The History of Ely
Ely lies in the flat Fenland region of East Anglia, once surrounded by marshland, and water, rendering it an island that first saw habitation as far back as the Bronze Age. Rich dark, fertile, soil enabled the Iron Age Settlers to farm here, and, later when the Roman Legions invaded Britain they were met with resistance from the Celtic tribes living here, and even though they built dams, and walls in order to drain the fens it proved troublesome for the ingenious Romans .
When Etheldreda the daughter of a Saxon King arrived she brought Christianity in 673 when she founded an Abbey that was home to both Monks and Nuns, where she became its 1st Abbess. After her death she was declared a saint, her remains were moved later inside the cathedral and remained in tact until it was destroyed during the Reformation of the Monasteries. Kings School was established in 970 and saw Edward the Confessor educated here, and even though the school was re-named in 1541 after Henry the VIII 's Reformation it still survives today and can be found nestling within the shadows of the Cathedral.
William the Conqueror arrived with his army and landed on England's shores in 1066 , conquering and leaving their mark as they went, building castles to protect and strengthen acquisitions, and churches, Ely was no different and a building boom ensued with one of the finest examples or Norman architecture, Ely Cathedral , where building began in 1083, and took some three hundred years in the building. Eels were the currency of the day, and it's said that over 50 thousand Eels were caught in one year alone. King Canute came to Ely during his quest for the throne, and when Henry I , who was the fourth son of William the Conqueror became King, he granted Ely a Charter to hold a fair in 1100.
The 13th Century saw the building of the Bishop's Gaol in the heart of the city, which has stood the test of time in Market Street; and close to the Cathedral, but centuries apart, still stands Oliver Cromwell's home - the statesman, soldier, politician and Lord Protector who attended a local school before he married his wife and had eight children. Interest in the politics of the day led him to being elected as an MP. When trouble was brewing all around, from Pirates on the high seas to uprisings both in Scotland, Wales and Ireland, Parliament and the Monarch of the time Charles I disagreed vehemently. Cromwell openly criticised the monarch and when finally Civil War broke out, he took a lead in the military actions and planning of the time, which led to eventual victory at the bloody battle fought at Naseby in 1645. On becoming Lord Protector Cromwell closed the Cathedral after a confrontation with the clergy and kept his cavalry horses there for over ten years.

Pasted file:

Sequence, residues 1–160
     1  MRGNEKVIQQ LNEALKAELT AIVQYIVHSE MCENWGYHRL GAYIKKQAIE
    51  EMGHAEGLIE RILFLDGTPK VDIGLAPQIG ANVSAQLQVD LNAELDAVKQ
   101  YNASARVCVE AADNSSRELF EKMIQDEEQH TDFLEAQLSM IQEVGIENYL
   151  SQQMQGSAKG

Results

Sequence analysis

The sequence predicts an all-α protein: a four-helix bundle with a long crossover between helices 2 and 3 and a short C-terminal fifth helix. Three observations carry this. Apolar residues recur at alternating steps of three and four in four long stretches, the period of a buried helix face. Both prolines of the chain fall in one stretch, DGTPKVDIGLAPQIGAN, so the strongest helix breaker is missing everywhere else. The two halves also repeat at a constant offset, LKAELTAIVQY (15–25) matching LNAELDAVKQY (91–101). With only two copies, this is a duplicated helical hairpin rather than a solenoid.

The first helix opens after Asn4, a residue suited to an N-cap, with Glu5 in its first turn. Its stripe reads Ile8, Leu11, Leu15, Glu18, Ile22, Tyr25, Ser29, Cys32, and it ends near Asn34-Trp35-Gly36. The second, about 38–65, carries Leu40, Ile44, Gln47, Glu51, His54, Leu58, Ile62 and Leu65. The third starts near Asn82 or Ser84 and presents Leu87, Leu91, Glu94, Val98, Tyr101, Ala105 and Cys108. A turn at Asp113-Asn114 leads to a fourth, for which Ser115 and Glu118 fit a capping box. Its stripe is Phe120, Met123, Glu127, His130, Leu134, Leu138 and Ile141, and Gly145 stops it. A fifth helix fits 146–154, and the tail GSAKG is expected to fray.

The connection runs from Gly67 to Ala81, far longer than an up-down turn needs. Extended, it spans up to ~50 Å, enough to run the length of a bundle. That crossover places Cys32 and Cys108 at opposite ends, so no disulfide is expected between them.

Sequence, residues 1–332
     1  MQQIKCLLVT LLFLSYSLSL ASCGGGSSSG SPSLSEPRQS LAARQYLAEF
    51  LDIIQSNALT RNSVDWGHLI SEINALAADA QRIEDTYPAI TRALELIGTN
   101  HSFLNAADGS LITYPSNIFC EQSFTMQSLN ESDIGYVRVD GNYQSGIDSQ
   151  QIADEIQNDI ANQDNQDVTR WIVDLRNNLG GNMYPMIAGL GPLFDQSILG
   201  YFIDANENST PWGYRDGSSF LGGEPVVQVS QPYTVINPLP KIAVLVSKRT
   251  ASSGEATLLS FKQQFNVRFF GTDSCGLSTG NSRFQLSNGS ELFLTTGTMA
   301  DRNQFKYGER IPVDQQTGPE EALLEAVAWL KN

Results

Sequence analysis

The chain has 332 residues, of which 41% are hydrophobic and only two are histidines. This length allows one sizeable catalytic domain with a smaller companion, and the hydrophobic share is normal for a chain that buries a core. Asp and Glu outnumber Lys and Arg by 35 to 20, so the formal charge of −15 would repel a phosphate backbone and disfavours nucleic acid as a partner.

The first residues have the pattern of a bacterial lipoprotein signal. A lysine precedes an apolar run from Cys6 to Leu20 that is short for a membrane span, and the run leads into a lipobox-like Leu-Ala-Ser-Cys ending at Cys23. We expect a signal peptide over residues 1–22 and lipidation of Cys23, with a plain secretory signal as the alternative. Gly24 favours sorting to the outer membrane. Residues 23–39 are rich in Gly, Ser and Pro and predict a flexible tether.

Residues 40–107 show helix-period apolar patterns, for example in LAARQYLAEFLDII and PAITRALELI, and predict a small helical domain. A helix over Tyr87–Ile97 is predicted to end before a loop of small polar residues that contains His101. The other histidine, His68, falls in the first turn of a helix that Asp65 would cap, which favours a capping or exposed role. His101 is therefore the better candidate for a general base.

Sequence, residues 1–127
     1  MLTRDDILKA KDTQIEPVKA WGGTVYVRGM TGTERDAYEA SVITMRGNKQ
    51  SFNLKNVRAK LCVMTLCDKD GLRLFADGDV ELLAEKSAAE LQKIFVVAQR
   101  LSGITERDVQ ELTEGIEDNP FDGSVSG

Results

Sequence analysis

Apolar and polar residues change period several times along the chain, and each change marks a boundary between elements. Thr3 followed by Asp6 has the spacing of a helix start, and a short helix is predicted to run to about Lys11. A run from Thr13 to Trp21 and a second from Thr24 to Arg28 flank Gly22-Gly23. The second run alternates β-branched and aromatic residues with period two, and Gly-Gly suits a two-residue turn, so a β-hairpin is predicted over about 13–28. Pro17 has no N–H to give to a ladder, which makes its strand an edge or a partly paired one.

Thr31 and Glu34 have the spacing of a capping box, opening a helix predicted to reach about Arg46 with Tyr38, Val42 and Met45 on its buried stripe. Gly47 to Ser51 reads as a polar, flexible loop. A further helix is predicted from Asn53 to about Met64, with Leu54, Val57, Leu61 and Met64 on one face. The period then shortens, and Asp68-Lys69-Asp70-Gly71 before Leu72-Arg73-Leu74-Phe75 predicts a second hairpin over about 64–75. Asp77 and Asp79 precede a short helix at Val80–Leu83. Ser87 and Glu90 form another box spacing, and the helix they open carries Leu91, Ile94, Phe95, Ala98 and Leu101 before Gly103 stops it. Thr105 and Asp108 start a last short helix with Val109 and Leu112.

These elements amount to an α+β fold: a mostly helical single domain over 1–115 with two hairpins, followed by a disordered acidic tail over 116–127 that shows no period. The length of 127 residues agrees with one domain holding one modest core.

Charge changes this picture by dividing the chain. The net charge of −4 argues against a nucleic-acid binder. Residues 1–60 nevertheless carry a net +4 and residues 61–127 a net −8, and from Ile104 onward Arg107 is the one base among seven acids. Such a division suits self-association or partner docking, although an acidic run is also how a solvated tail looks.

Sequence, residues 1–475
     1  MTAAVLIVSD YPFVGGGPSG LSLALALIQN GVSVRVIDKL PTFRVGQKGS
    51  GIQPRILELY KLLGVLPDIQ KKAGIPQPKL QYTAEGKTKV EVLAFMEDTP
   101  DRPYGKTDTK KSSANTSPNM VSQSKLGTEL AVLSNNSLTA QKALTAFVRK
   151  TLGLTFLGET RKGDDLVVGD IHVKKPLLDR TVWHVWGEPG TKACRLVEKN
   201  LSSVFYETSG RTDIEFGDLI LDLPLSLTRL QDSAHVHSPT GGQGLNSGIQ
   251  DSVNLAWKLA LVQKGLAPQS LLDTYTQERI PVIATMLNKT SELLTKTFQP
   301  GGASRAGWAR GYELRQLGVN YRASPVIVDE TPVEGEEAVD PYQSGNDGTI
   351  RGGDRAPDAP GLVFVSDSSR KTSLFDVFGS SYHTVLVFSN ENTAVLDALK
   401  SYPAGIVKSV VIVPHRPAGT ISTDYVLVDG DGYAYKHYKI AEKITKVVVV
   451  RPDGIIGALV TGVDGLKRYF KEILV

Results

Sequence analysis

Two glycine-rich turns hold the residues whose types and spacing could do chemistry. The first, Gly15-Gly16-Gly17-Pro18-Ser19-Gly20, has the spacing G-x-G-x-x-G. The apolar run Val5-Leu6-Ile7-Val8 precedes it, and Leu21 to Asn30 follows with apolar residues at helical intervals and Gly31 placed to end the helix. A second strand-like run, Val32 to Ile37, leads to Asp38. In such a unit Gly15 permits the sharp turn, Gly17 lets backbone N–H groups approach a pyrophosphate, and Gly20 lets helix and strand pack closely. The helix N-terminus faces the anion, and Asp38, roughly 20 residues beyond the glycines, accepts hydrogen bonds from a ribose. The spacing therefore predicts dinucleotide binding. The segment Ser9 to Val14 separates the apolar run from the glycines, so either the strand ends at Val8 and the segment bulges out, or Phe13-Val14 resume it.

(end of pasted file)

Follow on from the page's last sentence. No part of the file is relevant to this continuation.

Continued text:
The 18th Century saw trade increase together with the Barge, and Narrow Boats supplying an important Trade Route, this led to numerous warehouses and Wharves being built which lined the riverside, and saw an abundance of elegant Georgian houses and buildings emerge.
The 19th Century brought hunger to the population, when prices dramatically rose, and jobs diminished, this fuelled the Hunger Riots in 1816 where food stores were ransacked by the hungry mob, special constables were brought in to help the small attachment of Dragoon Guards deal with the masses. They were eventually tried in Ely, five were executed, nine were transported and eleven were incarcerated. The twentieth Century saw trade and industry flourish, with the farming and processing of sugar beet playing a major role, together with agriculture, and tourism whose hunger for the past is well catered for.